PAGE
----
High pressure misting systems are extremely useful. They stop odors and bugs, and of course, they cool down the area they’re installed in. They can also add humidity to the air if you live in a particularly dry area.
They’re also extremely low-maintenance for the most part, and they don’t require any major alterations to your property to install.
Unfortunately, there’s one thing that you’re going to have to deal with regardless of how well you install the system or the quality of the system you buy. Hard water is the bane of every misting system on the market.
It’s also not something you can control easily. There are some instances where you can affect the water, but usually, you’re running on the municipality’s water, and it’s packed with however many chemicals and minerals they want to put in it.
Let’s discuss the effects of hard water on misting systems, the problems hard water causes, and how you can resolve them.
What is Hard Water?
Before we get into the effects of hard water on misting systems, you need to know what hard water is and how to tell if it’s a problem for you.
Hard water is water that contains an excessive amount of chemicals and minerals. Obviously, those things are in all types of water unless you distill it, but hard water is so poorly filtered that it not only tastes horrible, but it also leaves trace amounts of those contaminants behind in everything it touches.
How to Tell if Your Water is Overly Hard:
Not every municipality has hard water that is going to constantly produce problems. Well-maintained water systems are actually fairly gentle on piping and high pressure misting systems.
Luckily, there are ways you can check your water supply without any fancy tests or making any phone calls.
Primarily, look for calcium deposits along valves or seams in your home’s plumbing. Calcium is one of the most commonly found minerals in hard water, and it tends to build up fast. So, if you have to clean calcium deposits off your shower head or plumbing fittings frequently, this guide is going to be extremely relevant to your situation.
Problems Caused by Hard Water and Their Solutions
Hard water causes 3 main problems for high pressure misting systems. We’re going to go over each problem, why it occurs, and how you can resolve that problem before it causes permanent damage.
1: Clogged Nozzles
This is the first problem you’ll likely notice.
Since hard water leaves calcium and other deposits behind as it flows, yournozzles will start to get clogged up. On a high pressure misting system, the nozzles are so small that it doesn’t take much, either. At first, this isn’t a huge deal, because you will have more than a single nozzle installed, but they’ll quickly start to clog one-by-one, and eventually, you’ll notice a dramatic decrease in the performance of your misting system.
Luckily, this is a very easy problem to fix, and it won’t take you more too much time to resolve.
All you need is a distilled white vinegar or any other manufacturer approved de-scaler liquid. Do not use harsh chemicals.
Now, close water and remove nozzles from your system. Next, disassemble each nozzle and place in a plastic or glass container. Pour over de-scaling liquid and leave it to soak. Make sure there is plenty of liquid in the container so that it may have enough capacity to absorb all of the calcium. If using white vinegar, leave it soaking for a few hours. Next, wash with soap and water and finally rinse with water.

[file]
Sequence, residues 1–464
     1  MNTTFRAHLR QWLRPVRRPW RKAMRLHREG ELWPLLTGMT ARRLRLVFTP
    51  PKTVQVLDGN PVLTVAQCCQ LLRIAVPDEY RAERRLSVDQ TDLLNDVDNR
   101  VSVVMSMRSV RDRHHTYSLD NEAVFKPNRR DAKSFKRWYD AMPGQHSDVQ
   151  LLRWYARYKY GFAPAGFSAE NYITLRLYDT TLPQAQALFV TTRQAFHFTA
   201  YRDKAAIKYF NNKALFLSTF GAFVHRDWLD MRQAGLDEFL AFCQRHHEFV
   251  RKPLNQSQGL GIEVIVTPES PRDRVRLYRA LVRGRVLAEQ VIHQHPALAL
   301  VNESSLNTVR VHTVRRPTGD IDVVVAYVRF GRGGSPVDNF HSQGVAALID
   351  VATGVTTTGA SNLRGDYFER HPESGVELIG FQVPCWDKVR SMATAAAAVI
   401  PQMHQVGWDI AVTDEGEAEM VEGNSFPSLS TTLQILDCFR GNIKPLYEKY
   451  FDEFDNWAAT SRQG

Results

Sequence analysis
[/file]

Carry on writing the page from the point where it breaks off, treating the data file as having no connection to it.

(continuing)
After nozzles are de-scaled, re-assemble and re-install.
2: Premature Tubing Damage
This is a problem that can occur over a long period of time, but it’s a lot harder to deal with if you allow it to happen.
The inside diameter of your tubing is much larger than the holes in the nozzles. So, the pipes won’t clog quickly. However, if you allow water to sit in the pipes after you turn the system off for the season or uninstall it until next year, that water will evaporate and leave behind plenty of minerals and chemicals that harm it.
The best way to prevent this is to properly flush and dry your misting system before you put it up for the season. If you have an air compressor, you can even spray out the inside after you flush it to truly minimize mineral buildup. Another alternative is to also de-scale your entire system from time to time.
3: Pump Issues
If you thought issues with the pipes and nozzles sounded bad, the misting pump can suffer much worse. A well-made pump is going to last for a long time, but when you’re pushing hard water through it, every little deposit that builds up can create major performance issues.
There are two solutions to this problem. First, you can simply focus on regularly cleaning the pump like you do the nozzles. That should be a part of your basic maintenance routine, and while you might not be able to fully disassemble the system to clean every part, you will prevent the majority of pump issues this way.
You can also install a filtration system on your water line that helps soften the water as it enters the system or one that inhibits scale build up.
This is a great idea because it doesn’t just help the pump; it helps the entire system.
Commercially available filters that won’t impede the function of the system aren’t likely to fully get rid of your problems, but they will help a lot.
Just make sure you replace the filter regularly to keep it from becoming ineffective against mineral deposits. Installing a water softener or scale inhibitor filter will help you prevent and reduce so many issues that hard water can cause.
Get a High-Quality Misting System
The effects of hard water on misting systems can be minimized and prevented with proper maintenance. Of course, the better your misting system is, the less you’ll have to worry about these problems. A high-quality system will have options for dealing with hard water in place to minimize the impact, and you’ll get better performance after all.